The truth is that such an environment is very likely to be created by the newest amendments in the Australian gambling laws. Not that the previously existing loopholes were a good thing, but still, they allowed the licensed and regulated brands to run their online gambling operations in the country. With the Interactive Gambling Amendment Bill 2016 being implemented, it is exactly the licensed brands that are to exit the country, leaving the market to the ones that operate without license and monitoring. This, on the other hand, would equal to lack of adequate customer protection, lack of proper customer support and more unfavourable conditions for the local players.

With the local Government being so worried about the local players, Australian competent authorities should also think about the consequences that would follow the implementation of such strict measures to the country’s market. After all, the exodus of the good old respected brands would inevitably have a negative effect on the local customers, with the fairness and transparency of any potential online gambling operations put at stake.

The Large Gaming Brands’ Exodus Following the Bill

As mentioned above, the implementation of the latest amendments in Australia’s gambling legislation has led to the exit of a number of licensed and reputable brands from the Australian market. Many local players expressed their disappointment with the companies’ decision to withdraw their operations from the country, but the deed is done and there is not turning back.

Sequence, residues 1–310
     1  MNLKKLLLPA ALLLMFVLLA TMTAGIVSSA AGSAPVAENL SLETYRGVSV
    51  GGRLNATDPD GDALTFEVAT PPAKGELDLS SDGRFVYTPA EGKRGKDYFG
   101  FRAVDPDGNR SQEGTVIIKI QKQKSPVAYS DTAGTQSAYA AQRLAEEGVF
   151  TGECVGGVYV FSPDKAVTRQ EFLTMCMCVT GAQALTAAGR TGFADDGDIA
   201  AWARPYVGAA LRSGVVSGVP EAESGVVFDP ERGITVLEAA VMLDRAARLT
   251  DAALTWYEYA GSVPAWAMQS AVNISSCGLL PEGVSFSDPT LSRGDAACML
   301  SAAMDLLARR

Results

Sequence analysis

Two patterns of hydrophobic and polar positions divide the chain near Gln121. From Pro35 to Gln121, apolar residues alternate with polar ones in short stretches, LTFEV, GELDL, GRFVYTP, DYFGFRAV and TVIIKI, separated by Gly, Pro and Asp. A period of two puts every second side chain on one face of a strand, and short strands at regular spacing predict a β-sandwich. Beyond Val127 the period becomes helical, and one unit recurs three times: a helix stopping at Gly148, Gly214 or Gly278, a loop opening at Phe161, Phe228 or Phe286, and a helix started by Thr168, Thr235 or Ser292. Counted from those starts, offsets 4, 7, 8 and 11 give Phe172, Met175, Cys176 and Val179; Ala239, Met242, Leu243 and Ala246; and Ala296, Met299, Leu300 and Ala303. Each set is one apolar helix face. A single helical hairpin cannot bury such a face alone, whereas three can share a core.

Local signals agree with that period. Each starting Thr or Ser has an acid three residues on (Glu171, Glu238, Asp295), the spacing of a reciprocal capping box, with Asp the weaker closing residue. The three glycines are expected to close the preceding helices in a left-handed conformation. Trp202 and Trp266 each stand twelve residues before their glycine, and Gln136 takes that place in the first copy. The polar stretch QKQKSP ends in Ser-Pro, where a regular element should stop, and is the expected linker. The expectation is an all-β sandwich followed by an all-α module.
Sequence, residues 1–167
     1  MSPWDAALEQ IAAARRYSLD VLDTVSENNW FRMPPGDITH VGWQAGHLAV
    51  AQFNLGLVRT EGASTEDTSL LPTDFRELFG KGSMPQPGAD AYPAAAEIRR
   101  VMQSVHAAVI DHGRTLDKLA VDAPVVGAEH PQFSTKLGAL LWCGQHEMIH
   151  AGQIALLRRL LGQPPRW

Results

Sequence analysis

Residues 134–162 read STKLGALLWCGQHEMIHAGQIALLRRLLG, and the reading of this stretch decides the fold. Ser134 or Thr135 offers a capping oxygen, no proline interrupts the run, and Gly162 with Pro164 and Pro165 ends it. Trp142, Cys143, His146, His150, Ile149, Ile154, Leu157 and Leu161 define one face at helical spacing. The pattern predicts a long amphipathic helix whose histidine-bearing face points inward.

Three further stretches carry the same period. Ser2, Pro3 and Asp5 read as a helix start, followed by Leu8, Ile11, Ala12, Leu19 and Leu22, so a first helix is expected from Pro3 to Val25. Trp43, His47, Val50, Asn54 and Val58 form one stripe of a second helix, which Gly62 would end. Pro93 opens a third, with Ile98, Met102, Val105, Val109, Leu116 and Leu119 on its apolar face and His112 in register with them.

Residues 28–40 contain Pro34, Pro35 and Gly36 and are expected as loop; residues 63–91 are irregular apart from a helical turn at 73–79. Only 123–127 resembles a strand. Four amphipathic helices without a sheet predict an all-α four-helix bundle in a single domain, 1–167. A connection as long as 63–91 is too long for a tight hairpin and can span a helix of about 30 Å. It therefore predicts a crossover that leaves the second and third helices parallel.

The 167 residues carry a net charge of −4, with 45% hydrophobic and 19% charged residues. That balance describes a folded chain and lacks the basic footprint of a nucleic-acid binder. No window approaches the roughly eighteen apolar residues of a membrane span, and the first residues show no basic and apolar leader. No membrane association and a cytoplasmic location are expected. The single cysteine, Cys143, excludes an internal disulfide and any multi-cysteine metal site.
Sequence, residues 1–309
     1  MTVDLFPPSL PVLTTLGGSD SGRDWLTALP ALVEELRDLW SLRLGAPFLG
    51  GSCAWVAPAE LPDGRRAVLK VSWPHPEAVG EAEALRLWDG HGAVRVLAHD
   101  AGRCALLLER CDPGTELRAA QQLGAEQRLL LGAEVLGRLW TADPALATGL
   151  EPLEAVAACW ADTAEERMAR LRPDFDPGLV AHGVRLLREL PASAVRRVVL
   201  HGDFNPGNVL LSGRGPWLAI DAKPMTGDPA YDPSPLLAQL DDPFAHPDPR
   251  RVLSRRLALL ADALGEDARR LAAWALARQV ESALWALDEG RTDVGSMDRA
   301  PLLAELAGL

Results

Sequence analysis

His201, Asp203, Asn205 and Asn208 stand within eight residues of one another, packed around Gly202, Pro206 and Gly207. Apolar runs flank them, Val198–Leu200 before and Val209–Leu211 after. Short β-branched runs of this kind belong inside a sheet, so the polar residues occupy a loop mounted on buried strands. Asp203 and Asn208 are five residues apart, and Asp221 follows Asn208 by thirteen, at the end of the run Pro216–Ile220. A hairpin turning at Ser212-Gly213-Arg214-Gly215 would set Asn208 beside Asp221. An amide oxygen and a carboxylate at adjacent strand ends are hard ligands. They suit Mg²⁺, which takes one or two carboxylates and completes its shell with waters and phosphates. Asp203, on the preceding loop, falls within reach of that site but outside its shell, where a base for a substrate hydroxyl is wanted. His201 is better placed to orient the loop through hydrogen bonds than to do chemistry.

The bingo operator Vera&John became the first global brand to officially exit Australia in December 2016, right after the bill was introduced. The brand’s decision took immediate effect, with all deposits and transactions being cancelled within a week after the official announcement was made.


The poker brand of 888 Holdings – 888poker – was the next one to leave the Australian poker market. The brand officially announced its exodus at the mid January 2017, saying its services would no longer be available on the territory of the country.

The local customers were given a pretty short notice of the operator’s decision, after sending them e-mails to inform them for its decision on January 13th.


The Gibraltar-based online gambling operator 32Red also announced its intentions to withdraw its services from Australia at the beginning of April. The company revealed that the latest amendments in the Australia gambling legislation prompted its decision to leave the country’s market.

  • Author
Daniel Williams

Daniel Williams

Daniel Williams has started his writing career as a freelance author at a local paper media. After working there for a couple of years and writing on various topics, he found his interest for the gambling industry.
Daniel Williams